This blog post was written by Rob Sinclair, Microsoft’s Chief Accessibility Officer. Rob is responsible for the company's worldwide strategy to develop software and services that make it easier for people of all ages and abilities to see, hear, and use their computers.
Today, we are celebrating the United Nations International Day of Persons with Disabilities that focuses on the progress, challenges and goals of persons with disabilities. This year’s theme of breaking barriers and opening doors is particularly relevant at Microsoft because we strive to do both every day.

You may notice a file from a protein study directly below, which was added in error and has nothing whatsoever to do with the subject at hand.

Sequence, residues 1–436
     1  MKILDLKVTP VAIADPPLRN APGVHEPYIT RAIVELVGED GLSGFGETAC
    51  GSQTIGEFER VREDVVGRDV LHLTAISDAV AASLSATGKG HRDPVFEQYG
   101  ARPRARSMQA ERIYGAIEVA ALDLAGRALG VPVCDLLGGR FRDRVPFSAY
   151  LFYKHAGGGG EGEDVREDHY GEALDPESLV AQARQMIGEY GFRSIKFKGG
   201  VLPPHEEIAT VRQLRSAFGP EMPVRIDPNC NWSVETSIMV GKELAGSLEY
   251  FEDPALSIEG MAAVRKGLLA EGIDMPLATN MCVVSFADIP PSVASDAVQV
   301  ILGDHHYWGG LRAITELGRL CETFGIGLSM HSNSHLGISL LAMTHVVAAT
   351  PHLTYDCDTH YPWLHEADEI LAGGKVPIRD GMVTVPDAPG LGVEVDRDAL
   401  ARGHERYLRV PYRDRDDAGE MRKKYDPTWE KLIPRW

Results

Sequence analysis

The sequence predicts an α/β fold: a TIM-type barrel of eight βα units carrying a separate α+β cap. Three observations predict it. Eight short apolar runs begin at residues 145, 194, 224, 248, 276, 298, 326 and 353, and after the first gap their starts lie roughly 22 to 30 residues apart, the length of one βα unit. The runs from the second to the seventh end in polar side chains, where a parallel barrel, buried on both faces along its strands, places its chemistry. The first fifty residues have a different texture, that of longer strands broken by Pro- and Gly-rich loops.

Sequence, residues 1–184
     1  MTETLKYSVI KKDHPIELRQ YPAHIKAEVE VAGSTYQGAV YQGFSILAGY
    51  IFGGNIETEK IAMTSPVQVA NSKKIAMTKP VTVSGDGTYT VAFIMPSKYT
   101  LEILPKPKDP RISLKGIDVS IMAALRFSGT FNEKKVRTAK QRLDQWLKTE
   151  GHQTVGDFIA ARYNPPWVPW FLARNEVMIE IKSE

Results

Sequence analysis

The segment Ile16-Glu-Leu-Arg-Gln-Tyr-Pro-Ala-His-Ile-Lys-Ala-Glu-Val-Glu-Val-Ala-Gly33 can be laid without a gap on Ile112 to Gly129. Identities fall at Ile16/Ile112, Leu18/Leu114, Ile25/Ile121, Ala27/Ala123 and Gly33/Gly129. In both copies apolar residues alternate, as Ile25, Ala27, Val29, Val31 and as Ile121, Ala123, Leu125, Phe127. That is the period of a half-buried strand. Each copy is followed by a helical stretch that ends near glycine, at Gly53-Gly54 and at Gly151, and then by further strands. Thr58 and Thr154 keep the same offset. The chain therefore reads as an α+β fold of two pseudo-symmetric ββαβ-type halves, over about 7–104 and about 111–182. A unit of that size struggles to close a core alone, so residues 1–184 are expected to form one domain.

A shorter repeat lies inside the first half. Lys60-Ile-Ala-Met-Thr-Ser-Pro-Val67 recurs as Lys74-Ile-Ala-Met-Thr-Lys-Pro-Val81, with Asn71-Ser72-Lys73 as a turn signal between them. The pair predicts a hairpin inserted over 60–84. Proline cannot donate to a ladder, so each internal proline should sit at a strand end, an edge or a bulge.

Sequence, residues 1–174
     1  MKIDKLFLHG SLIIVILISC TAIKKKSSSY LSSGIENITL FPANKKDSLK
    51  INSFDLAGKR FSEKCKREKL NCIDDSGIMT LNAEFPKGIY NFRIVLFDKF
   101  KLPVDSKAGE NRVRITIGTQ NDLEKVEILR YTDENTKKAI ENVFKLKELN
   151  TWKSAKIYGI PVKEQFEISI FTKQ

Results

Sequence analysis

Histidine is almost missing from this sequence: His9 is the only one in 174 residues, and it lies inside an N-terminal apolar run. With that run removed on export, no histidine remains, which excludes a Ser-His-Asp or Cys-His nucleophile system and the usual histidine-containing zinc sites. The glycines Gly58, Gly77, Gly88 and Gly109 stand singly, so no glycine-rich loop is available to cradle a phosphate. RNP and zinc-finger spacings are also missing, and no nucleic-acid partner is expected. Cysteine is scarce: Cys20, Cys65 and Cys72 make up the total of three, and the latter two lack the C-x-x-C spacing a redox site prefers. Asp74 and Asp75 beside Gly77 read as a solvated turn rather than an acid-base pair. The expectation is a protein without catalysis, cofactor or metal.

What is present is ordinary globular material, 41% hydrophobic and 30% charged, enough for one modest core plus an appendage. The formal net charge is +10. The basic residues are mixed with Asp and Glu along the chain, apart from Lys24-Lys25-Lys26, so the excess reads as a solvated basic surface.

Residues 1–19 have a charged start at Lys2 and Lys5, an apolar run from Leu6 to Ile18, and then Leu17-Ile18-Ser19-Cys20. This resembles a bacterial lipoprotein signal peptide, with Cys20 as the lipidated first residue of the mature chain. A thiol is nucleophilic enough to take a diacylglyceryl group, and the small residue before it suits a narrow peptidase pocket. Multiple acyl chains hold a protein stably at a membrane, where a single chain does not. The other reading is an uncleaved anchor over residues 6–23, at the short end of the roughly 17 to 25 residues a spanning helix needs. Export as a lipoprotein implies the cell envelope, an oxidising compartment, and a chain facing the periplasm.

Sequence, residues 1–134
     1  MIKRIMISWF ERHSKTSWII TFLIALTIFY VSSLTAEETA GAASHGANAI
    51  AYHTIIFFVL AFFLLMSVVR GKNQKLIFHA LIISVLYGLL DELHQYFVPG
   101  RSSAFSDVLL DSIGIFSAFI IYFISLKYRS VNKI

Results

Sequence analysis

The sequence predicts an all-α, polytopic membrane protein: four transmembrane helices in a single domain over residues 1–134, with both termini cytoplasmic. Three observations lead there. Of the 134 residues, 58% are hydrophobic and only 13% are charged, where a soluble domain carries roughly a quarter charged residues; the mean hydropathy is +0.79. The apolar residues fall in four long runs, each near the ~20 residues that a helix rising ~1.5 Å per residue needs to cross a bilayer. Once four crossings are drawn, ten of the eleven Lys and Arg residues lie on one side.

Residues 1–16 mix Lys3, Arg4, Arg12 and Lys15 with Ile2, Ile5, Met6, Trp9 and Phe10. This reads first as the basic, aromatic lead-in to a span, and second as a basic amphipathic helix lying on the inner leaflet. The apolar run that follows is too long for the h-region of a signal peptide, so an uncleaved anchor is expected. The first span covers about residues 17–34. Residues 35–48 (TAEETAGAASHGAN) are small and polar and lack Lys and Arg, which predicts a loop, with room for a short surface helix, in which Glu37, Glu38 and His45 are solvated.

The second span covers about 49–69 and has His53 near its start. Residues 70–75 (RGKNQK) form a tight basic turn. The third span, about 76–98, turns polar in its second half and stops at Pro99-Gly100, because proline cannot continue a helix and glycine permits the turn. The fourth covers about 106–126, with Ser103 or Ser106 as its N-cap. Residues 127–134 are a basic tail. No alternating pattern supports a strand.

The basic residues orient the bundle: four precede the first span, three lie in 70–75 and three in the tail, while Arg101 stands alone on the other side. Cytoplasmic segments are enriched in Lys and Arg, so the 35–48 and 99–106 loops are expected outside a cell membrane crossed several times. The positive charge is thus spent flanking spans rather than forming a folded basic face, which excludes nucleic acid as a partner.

At Microsoft, breaking barriers means creating people-centric digital experiences that are responsive and fun for everyone. We are opening doors by revolutionizing how people experience the world with beautiful and modern digital experiences that reflect and respect individual needs and preferences. Our goal is to design technologies that adapt to a user’s surroundings and present information in ways that are relevant and consumable anywhere and on any device, regardless of ability.
As part of our people-centric approach we demonstrate our commitment to accessibility around the world by:
In this work we are moving towards celebrating the International Day of Persons with Disabilities and its call for a more inclusive society every day of the year.
All the things as a IT professional with a disability been striving for in the IT arena at my fortune 50 company.